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Bone Fuel: The Best Foods for Bone Health

Posted on June 6, 2016 by Core Products There have been 0 comments

By Brian Acton

One important aspect of aging comfortably is supporting the health of your bones. Not only are strong bones important early in life as you grow, they become crucial as you age. As you get older, strong bones can slow or even prevent conditions like osteoporosis, which results in brittle bones that can easily break under low stress or impact. Women over 50 are especially susceptible to this condition, and so it’s important – whether you have osteoporosis or not – to practice a diet that strengthens your bones.

So how do you establish the right diet? You need to eat foods that are bone fuel – that strengthen, grow, and protect your bones.

Calcium-Rich Foods

One of the most important elements to include in a bone-healthy diet is calcium. Calcium is one of the major building blocks of bones, and a calcium-rich diet contributes to bone strength and density, while a calcium deficiency can lead to osteoporosis.

Dairy products are an excellent source of calcium. Milk is one of the best sources, but yogurt and cheese are also great for providing calcium.

One common condition – lactose intolerance – can prevent many people from getting their much-needed calcium from dairy. Not to worry! There are a number of great foods that contain a good dose of calcium without containing any dairy, including:

Veggies: collard greens, kale, broccoli, and turnip greens are all great sources of calcium.

Beans: White beans are a fantastic source of calcium, and can be added to many dishes, such as pasta, chili, and hummus.

Canned Fish: Canned salmon and sardines provide a big boost of calcium and omega 3’s, and are delicious to add to salads and other dishes.

Vitamin D-Rich Foods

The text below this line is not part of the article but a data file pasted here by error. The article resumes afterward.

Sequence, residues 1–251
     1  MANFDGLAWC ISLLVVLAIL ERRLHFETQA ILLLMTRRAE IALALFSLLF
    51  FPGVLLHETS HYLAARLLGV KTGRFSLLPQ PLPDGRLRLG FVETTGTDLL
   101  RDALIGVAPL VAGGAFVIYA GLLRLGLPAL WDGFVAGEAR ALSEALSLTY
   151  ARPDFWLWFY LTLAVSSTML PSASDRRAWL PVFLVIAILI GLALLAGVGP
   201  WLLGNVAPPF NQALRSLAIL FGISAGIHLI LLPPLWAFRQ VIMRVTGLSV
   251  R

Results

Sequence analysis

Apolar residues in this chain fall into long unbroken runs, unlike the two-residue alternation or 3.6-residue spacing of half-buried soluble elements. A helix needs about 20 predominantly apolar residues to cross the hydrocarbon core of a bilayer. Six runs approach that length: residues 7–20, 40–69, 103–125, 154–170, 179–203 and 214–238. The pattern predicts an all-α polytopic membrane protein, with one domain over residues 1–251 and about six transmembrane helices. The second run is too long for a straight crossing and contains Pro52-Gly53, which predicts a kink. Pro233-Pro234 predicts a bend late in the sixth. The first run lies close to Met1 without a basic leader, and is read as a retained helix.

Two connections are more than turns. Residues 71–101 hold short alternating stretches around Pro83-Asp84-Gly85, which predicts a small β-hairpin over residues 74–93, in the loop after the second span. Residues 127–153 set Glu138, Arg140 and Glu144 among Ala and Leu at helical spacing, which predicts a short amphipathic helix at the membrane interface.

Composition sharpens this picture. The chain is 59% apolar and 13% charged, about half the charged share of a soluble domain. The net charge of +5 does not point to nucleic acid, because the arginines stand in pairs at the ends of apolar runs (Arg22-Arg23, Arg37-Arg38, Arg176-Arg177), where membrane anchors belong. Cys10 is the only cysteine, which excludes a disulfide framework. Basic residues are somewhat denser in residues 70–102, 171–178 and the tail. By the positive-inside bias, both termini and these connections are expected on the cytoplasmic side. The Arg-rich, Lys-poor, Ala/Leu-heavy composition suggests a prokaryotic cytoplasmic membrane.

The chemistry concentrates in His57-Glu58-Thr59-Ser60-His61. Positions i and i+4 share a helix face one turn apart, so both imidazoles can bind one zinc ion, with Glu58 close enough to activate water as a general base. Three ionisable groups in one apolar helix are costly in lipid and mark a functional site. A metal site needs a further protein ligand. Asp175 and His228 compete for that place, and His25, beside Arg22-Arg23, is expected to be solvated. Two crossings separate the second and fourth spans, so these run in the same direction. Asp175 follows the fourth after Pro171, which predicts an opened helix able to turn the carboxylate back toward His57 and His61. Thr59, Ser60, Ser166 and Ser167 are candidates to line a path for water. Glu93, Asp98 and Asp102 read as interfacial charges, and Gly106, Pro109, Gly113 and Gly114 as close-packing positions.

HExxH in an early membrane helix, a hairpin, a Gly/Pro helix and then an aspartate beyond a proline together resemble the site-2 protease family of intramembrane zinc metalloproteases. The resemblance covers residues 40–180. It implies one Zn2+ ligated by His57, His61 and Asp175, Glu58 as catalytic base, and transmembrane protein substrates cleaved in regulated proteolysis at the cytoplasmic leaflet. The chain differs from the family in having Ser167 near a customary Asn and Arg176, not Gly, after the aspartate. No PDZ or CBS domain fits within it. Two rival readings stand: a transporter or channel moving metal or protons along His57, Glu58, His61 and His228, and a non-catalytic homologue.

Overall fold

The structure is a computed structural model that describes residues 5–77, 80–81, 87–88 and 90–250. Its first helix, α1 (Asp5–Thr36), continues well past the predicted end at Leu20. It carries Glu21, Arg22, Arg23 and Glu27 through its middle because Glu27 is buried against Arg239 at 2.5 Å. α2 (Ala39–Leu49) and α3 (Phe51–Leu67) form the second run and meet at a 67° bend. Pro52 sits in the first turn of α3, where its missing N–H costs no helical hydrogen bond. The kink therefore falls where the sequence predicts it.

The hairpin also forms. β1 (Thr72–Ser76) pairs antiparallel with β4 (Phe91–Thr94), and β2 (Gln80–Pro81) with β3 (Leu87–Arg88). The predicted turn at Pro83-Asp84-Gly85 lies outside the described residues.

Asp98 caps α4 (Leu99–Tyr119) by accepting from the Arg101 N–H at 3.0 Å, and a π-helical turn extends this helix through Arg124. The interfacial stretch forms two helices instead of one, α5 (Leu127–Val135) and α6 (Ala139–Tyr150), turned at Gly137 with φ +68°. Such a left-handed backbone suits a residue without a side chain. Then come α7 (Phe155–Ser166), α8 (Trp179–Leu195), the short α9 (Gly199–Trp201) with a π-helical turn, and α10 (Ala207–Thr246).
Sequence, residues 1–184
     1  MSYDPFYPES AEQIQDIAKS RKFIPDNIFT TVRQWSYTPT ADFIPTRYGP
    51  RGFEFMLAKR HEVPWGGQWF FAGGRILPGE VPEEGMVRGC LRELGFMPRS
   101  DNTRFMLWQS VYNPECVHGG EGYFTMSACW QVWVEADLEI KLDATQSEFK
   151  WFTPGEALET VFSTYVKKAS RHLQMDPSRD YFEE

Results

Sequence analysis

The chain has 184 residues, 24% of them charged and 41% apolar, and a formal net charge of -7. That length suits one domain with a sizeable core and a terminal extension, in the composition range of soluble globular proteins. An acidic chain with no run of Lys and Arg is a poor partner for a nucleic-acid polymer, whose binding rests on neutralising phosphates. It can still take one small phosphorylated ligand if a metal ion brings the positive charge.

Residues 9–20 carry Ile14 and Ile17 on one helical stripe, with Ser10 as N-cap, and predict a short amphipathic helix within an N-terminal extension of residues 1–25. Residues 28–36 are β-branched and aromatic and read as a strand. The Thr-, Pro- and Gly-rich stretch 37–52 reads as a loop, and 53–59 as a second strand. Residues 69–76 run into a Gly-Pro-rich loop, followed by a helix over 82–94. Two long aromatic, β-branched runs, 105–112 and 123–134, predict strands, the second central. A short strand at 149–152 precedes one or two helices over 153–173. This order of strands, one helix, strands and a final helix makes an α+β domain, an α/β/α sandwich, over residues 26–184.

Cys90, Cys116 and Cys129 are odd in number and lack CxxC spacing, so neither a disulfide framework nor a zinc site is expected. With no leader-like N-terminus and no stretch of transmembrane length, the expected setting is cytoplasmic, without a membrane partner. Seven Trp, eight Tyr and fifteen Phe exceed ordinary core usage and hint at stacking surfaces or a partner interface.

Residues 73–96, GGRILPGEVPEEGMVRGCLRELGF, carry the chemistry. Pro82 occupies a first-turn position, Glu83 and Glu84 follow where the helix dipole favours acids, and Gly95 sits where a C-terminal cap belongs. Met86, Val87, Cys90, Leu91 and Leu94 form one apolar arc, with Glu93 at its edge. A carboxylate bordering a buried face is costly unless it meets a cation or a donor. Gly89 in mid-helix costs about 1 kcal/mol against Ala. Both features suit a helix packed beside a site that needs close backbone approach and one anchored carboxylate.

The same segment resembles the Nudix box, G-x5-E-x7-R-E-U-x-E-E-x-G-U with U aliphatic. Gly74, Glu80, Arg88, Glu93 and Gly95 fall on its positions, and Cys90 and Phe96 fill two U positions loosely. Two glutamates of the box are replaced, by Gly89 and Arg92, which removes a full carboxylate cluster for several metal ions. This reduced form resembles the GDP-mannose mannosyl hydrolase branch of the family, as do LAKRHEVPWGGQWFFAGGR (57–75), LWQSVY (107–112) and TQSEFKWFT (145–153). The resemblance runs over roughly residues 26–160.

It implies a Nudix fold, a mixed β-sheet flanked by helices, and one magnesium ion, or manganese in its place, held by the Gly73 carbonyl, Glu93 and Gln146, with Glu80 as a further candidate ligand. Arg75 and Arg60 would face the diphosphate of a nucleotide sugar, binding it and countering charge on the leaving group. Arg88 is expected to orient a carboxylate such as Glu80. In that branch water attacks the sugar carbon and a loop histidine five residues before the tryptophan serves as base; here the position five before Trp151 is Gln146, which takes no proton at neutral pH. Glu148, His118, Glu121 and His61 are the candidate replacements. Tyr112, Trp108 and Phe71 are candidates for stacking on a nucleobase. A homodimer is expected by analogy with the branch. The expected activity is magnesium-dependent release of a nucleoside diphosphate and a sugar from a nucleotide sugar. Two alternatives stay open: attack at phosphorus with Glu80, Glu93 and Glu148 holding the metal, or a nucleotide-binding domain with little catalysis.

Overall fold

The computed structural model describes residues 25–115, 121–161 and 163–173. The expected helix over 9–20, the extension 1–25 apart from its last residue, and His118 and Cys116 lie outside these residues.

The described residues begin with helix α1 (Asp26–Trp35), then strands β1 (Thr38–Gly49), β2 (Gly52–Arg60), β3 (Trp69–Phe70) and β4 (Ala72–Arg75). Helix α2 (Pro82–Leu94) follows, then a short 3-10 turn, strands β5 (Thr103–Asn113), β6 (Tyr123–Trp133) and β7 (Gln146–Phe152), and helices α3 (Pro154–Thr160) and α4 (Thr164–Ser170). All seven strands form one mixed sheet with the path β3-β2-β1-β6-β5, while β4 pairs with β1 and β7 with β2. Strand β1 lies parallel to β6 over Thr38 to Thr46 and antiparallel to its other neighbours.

Vitamin D helps to support calcium absorption and processes that enable bone mineralization – in other words, the processes that makes your bones dense and strong. Vitamin D also helps bones grow, and without Vitamin D bones can become thin or brittle.

While sunshine on your skin will help you meet your Vitamin D needs, many of us need to limit our exposure to UV rays to prevent sunburn and skin cancer. In addition, we tend to stay indoors in cold winter climates – and so, food sources of Vitamin D are important as well.

The best sources of naturally occurring vitamin D occur in fish – specifically, the meat of fatty fish such as salmon, tuna, and mackerel. Cod liver oil is a great provider of Vitamin D as well – you may have seen the supplements in the grocery store. As you move down the list of Vitamin D-containing foods, the drop-off from fish is significant – but there are many foods that come enriched with Vitamin D, such as orange juice, milk, and yogurt.

Protein

A well-balanced protein diet is beneficial to promoting bone health. Underweight and older Americans are often eating below the protein recommendations made by the Recommended Dietary Allowance. In contrast, the American diet is often too rich in animal-based protein.

While the exact recommended intake is up for debate – and the role that protein plays on bone health is still debated – it is agreed that a diet of too little protein or too much protein can be harmful to bones. Foods that are rich in protein, such as meat, poultry, eggs, and dairy – can be harmful in excess. Essential to maintaining healthy protein intake is to balance these foods with fruits and vegetables.

In Closing

Diet is not the only way to keep your bones healthy – moderate exercise and sunlight can also go a long way towards bone health. However, diet is an extremely important factor, as it is a major source for the ingredients that help build, strengthen, and grow our bones. Making sure you get enough calcium, vitamin D, and moderate amounts of protein will help keep your bones strong and prevent or slow the onset of osteoporosis and brittle bones.

 

Sources:

http://www.hsph.harvard.edu/nutritionsource/calcium-full-story/#calcium-from-milk

https://www.nof.org/patients/treatment/nutrition/

https://ods.od.nih.gov/factsheets/VitaminD-HealthProfessional/


This post was posted in Company, Education

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